Why account abstraction wallets could soon compete with MetaMask?

Non-custodial wallets have surged in popularity, with MetaMask now serving over 30 million users on a monthly basis. This growth in usage, however, is nowhere near the levels of custodial wallets offered by centralized exchanges such as Binance and Coinbase. The reason? Like any nascent technology, there are several shortcomings during the ideation, development, and early adoption stages.

While MetaMask has long been the go-to Web3 wallet for DeFi users, its infrastructure design is based on the Externally Owned Account (EOA) model. In this design, accounts are generated on the Ethereum blockchain through MetaMask’s software and managed through a set of private and public keys. The main problem, however, with EOAs is that they are limited to generic operations such as transactions or basic smart contract interactions.

Of course, to some extent, this level of functionality has served its purpose, but with more and more people looking to join the DeFi market, there definitely is a need for more customizable non-custodial wallets. Existing EOA wallets suffer from being too technical for potential new users, not to mention the risks of losing all their funds if they happen to misplace or forget their private keys.

Account Abstraction: The Future of Non-Custodial Wallets 

Innovation within the DeFi realm is one reason the market has been so resilient, to the point where naysayers, including traditional financial companies that were vehemently opposed, are now joining the ecosystem.

The non-custodial wallet ecosystem has not been left behind, either. Last year, Ethereum’s community, led by Vitalik Buterin, introduced the EIP-4337 standard, which primarily allows developers to design and customize smart contract wallets. This standard has today paved the way for what is now dubbed as ‘account abstraction’: unlike EOAs, non-custodial wallets based on this novel concept offer more flexibility and security.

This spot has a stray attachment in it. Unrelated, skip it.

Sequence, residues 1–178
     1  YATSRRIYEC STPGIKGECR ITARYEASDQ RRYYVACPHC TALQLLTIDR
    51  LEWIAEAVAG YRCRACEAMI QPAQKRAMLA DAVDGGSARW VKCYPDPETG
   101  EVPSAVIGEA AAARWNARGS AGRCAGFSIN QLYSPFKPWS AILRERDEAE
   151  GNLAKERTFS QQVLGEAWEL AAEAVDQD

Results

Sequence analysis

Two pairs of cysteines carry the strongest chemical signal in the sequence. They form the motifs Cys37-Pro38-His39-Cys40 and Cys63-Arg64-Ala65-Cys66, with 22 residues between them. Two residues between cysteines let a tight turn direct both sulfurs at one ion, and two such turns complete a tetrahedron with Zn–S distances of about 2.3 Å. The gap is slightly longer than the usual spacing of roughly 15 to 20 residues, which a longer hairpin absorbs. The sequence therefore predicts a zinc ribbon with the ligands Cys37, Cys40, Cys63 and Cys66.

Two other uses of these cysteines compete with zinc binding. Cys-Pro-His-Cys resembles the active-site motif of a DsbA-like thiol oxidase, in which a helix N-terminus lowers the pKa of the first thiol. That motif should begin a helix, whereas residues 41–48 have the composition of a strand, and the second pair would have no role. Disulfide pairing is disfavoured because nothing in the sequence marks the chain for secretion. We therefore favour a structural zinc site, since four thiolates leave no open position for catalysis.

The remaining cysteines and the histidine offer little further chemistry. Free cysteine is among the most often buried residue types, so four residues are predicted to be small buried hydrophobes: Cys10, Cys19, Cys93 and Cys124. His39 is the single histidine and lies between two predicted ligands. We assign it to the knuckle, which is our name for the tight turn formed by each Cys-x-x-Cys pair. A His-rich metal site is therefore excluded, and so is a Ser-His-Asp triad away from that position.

Even MetaMask, despite commanding the largest market share, is embracing support for account abstraction. The wallet recently launched MetaMask Snaps to enable developers to leverage external applications to improve the wallet’s user experience. Currently, some of the additional functionalities that can be added through MetaMask Snaps include notification applications, transaction analysis, and interoperability with non-EVM chains.

It does not stop there. Account abstraction wallets built from the bottom up, such as Ambire, Argent, and Safe, could be the biggest game-changers in DeFi adoption. These MetaMask alternatives are gradually coming of age, thanks to their fundamental prioritization of UX and security, as is the case with most successful Web2 platforms. In other words, it is easier to onboard new users by focusing on a seamless UX and integrating several security options.

Are Smart Contract Wallets Ready to Compete with MetaMask? 

Whether smart contract wallets are ready to disrupt MetaMask’s dominance can only be conclusively answered based on future data; however, if you’re an avid follower of the DeFi market, you probably understand that trends move fast, and most of the time, users end up flocking to platforms where they can derive the most value.